(Posted on APSAA website)
I happened to be working from home today when I received the first CNN. As the morning wore on, worst fears were realized. Again, unthinkable horror of children, teachers and staff being cut down by a shooter. I knew our association would need a response, but thinking of my own young children at school today immobilized me. I went grocery shopping to cope. I focused on a grocery list.
It wasn’t until I picked up my kids at school that I began to think again. I explained to them what had happened, and my 12 year old middle school daughter said she had heard. My seven year old twins had not.
Explaining this to our children or grandchildren is complex but must be done. One wants to be clear about what happened as the TV will make things not only clear but scary. Being truthful while assuring safety is the challenge for any parent, while taking age and development into account. My seven year old son responded, “Dad, I’m not afraid because we have lockdown drills. We know what to do.” I assured them that their school takes precautions with locked doors and drills and they are safe. When he asked why someone could do this, I hesitated. “We don’t know. We will find out what happened.”
It is true that we will find out through the media and hear about it throughout the holidays. Our helplessness, the worst of all possible human feelings, demands it. Our anger, disbelief and sadness will help us organize some story, psychoanalytic or not, in our minds after facts of the shooter’s life emerges.
But even finding out, even developing profiles, and greater school, mall, or workplace security, will not prevent such tragedies. Sadly, they are unpredictable and will continue to occur. I have always believed they will become worse with the the inaccessibility for mental health services for most Americans, a poor economy, the remaining stigma and resistance for getting appropriate help, easy access to guns, and something that goes wrong in our culture.
As an adult and child psychoanalyst I still can’t sort it out. After practicing over 40 years I have seen adolescents, and adults who I imagined would be capable of such violence. Although I work with students in an alternative high school, many of whom are in gangs, they are not necessarily the ones I think about when this kind of tragedy occurs. Gang culture is violent, and frightening but somehow more predictable than what happened today in Newtown.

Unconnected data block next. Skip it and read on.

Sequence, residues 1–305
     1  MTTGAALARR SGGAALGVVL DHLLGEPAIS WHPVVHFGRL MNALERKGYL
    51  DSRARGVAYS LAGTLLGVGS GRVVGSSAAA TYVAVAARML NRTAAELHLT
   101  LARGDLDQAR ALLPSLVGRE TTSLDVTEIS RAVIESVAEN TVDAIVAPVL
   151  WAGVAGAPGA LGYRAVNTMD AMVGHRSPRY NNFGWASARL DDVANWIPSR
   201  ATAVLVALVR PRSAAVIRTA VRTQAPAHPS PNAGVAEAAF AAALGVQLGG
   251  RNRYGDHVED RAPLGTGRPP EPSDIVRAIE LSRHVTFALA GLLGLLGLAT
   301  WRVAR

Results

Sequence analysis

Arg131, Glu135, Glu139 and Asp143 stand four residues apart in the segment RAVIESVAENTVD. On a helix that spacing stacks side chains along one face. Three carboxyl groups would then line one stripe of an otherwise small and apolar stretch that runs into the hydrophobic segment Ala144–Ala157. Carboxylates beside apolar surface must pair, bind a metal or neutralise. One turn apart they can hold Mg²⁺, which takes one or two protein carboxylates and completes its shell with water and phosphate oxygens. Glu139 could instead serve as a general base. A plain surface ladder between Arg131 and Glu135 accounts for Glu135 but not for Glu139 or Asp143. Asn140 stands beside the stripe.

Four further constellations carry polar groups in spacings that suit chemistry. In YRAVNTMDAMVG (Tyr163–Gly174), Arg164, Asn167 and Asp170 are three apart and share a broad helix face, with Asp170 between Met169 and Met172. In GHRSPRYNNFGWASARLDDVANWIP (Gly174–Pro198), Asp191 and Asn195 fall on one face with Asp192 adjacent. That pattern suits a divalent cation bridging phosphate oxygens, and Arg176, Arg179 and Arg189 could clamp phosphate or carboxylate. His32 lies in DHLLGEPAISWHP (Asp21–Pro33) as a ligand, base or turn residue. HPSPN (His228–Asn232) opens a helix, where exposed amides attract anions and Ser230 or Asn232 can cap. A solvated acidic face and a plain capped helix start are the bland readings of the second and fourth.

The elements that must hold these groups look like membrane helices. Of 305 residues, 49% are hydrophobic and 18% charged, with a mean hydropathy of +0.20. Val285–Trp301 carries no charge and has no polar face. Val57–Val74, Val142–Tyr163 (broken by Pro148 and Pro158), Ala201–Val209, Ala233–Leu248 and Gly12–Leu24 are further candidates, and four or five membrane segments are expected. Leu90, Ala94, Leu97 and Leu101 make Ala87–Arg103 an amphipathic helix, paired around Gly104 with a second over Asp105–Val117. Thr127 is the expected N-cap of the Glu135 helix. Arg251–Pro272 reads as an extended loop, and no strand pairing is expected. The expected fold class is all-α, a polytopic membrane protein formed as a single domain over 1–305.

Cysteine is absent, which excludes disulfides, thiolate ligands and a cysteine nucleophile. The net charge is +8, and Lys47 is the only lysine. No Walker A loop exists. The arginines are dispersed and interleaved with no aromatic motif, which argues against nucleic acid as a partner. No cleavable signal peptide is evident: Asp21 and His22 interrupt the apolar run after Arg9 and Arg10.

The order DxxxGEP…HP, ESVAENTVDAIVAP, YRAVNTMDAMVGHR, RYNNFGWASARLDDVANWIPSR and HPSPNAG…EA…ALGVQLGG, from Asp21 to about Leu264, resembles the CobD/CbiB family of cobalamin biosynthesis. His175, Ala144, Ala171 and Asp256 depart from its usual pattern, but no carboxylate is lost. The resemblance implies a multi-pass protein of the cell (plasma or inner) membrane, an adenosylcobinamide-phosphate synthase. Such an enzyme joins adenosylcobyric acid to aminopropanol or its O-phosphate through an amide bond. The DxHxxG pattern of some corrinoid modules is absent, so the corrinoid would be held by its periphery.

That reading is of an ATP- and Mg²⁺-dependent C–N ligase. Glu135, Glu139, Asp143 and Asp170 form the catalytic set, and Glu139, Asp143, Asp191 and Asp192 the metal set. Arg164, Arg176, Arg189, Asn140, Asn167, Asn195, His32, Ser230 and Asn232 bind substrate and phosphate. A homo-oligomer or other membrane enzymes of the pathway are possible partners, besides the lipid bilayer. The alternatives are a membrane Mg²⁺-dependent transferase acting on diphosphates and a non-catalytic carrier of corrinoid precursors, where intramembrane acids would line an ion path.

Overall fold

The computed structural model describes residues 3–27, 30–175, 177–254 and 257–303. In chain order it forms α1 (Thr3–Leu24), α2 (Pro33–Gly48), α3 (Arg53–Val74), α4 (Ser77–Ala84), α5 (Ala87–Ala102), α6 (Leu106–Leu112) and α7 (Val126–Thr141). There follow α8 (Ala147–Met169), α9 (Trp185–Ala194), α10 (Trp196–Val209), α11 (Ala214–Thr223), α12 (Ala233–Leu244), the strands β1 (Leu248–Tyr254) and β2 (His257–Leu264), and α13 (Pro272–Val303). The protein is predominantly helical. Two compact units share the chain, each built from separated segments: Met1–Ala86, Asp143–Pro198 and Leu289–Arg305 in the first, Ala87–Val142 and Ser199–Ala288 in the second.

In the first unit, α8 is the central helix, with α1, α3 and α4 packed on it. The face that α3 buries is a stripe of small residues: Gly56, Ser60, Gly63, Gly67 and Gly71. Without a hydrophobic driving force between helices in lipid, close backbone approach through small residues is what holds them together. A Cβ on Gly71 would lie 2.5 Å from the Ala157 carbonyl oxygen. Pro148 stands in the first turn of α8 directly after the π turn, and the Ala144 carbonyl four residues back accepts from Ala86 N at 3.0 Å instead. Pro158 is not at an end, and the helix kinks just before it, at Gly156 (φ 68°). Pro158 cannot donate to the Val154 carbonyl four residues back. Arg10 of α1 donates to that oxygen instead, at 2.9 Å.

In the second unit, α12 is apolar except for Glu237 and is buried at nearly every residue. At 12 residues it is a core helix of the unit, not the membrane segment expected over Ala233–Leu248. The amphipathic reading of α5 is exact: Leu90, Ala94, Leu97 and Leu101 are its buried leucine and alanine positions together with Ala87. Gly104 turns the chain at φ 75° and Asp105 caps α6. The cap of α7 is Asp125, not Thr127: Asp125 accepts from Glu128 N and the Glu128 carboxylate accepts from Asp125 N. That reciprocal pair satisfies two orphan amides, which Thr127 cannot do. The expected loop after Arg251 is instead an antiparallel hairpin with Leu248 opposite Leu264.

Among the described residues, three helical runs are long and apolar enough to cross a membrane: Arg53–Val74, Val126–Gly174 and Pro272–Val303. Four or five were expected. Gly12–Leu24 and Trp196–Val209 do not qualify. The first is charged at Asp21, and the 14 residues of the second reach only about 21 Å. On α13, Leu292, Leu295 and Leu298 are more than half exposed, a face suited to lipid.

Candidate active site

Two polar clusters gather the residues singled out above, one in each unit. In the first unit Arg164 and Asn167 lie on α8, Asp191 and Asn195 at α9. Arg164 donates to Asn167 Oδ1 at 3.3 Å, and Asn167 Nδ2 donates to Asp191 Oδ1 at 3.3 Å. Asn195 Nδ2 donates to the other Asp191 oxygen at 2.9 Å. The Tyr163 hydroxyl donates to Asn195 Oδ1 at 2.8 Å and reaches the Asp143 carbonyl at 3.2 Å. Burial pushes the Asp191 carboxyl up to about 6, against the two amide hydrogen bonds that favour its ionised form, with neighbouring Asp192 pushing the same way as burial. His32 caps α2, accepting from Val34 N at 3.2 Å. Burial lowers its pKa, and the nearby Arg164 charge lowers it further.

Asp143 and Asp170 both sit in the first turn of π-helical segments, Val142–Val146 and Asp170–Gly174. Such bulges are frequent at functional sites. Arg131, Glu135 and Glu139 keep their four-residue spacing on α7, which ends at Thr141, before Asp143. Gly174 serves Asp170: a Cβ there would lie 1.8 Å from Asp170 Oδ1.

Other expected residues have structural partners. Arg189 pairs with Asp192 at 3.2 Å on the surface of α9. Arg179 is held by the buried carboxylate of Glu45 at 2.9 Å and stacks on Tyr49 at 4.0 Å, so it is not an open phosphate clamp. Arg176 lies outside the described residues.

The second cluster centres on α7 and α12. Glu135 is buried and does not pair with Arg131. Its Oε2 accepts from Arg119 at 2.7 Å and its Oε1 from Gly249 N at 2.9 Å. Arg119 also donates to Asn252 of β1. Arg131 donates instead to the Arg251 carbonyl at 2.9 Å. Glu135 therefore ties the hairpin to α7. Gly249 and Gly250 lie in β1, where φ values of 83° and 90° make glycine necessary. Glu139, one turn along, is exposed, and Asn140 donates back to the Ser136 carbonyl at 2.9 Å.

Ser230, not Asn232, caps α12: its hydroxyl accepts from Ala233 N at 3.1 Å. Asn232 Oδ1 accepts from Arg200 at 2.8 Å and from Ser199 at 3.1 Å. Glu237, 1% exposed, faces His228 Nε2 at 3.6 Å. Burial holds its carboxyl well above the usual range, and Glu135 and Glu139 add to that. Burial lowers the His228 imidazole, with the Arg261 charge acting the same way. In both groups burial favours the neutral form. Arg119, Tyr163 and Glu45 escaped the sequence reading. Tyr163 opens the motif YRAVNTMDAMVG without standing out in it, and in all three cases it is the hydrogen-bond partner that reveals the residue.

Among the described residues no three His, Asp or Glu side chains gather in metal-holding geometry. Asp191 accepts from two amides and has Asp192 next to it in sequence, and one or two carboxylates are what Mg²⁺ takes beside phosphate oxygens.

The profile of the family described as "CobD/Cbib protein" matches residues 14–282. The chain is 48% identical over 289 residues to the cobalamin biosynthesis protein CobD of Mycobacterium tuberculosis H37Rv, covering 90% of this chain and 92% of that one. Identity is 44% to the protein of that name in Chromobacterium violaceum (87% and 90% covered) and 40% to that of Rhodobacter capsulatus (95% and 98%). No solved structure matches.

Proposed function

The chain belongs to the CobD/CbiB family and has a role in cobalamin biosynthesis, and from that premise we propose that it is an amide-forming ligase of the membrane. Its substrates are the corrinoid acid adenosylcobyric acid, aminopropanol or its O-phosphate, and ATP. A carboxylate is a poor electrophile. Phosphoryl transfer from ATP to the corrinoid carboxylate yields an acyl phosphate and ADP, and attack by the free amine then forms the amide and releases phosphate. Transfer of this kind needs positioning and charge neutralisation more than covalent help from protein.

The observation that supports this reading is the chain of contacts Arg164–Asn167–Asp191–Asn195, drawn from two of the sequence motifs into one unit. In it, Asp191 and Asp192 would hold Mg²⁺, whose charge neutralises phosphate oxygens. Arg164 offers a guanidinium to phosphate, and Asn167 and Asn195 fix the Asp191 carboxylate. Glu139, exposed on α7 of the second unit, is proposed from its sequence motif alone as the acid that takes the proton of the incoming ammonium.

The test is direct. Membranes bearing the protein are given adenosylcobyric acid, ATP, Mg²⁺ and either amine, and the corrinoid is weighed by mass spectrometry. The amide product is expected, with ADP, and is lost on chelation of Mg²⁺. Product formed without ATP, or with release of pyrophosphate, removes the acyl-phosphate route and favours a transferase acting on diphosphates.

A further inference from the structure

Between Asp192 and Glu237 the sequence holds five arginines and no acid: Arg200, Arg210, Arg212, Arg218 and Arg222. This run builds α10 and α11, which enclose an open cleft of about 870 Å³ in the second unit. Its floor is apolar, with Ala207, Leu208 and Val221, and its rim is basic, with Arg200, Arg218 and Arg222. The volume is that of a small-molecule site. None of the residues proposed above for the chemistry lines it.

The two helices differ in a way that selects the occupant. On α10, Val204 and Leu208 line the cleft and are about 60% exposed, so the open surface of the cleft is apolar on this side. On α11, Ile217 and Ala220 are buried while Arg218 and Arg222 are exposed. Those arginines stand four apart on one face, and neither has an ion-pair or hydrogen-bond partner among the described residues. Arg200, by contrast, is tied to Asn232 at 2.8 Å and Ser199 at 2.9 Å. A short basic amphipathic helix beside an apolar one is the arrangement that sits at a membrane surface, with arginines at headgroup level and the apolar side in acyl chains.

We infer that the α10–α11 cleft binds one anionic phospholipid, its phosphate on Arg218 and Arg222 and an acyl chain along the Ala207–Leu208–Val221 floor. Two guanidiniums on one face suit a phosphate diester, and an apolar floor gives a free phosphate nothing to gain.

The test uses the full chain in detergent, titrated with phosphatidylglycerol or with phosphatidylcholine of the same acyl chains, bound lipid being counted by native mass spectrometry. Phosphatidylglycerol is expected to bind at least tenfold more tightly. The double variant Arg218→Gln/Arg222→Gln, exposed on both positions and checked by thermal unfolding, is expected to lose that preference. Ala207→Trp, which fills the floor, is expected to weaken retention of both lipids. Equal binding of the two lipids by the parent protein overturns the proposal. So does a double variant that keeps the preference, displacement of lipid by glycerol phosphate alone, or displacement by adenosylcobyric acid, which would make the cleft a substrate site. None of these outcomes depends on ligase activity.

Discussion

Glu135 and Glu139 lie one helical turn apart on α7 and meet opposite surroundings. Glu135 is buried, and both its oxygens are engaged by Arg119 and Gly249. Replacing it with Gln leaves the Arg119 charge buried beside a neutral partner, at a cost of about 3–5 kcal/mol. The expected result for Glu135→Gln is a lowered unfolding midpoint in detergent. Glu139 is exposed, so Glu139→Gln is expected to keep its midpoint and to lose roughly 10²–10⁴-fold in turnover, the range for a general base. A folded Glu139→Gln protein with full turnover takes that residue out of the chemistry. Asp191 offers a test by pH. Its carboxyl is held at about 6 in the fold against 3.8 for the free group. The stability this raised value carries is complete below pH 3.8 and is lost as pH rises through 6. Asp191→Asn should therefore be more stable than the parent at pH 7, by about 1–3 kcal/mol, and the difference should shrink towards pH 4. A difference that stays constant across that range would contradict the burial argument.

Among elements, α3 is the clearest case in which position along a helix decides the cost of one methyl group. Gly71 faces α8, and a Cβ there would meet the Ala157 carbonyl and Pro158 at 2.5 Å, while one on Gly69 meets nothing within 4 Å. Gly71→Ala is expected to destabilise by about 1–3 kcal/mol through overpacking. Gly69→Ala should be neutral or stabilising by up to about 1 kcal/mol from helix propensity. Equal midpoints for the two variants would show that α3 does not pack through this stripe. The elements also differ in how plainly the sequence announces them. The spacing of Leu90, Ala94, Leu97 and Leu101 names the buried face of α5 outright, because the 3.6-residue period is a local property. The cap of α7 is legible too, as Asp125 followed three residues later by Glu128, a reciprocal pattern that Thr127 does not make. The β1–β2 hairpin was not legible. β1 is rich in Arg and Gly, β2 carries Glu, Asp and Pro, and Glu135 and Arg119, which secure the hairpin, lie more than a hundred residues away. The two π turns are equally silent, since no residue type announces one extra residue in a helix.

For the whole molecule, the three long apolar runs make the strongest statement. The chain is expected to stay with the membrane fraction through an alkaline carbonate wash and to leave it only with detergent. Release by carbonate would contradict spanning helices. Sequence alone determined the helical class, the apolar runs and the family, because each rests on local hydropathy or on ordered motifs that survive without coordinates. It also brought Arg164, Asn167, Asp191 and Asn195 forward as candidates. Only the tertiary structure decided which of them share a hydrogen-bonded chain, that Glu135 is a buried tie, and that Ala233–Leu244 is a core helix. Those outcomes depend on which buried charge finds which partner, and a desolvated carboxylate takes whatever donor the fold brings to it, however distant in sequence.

No, its the students who have been quietly bullied for years, or seriously neglected at home, or subtly marginalized by the time they are young adults. I think of the ones who were not disruptive at school, but rather gradually socially withdrew during high school. I think of severely traumatized returning veterans who are no longer themselves when they arrive home and cannot get appropriate help. Overwhelming helplessness, isolation, and possibly access to weapons can compels one towards explosive violence.
We as psychoanalysts, as parents, grandparents, friends, and fellow citizens in our communities must pull together and help each other cope. Speaking to each other of this tragedy is a critical start. And we can’t forget. A dear friend, now 25 years later, still suffers the impact of having been in an elementary school as a student when such a shooting took place. Survival has meant reliving this trauma each time these tragedies occur. We cannot forget.
Helping survivors, helping our children, our communities, our schools, and our politicians, will not happen with quick answers or glib solutions. Rather, we must first share common pain and making our compassion known in word and action. We cannot immediately make sense of this, but we can try together.
I was walking across a parking lot later today with my son. I found myself not being able to let go of his hand, even once in the building. We should all hold each other a little more tightly tonight and for awhile.
“Psychoanalysis: Now More Than Ever”
Mark D. Smaller, Ph.D.
President-elect, American Psychoanalytic Association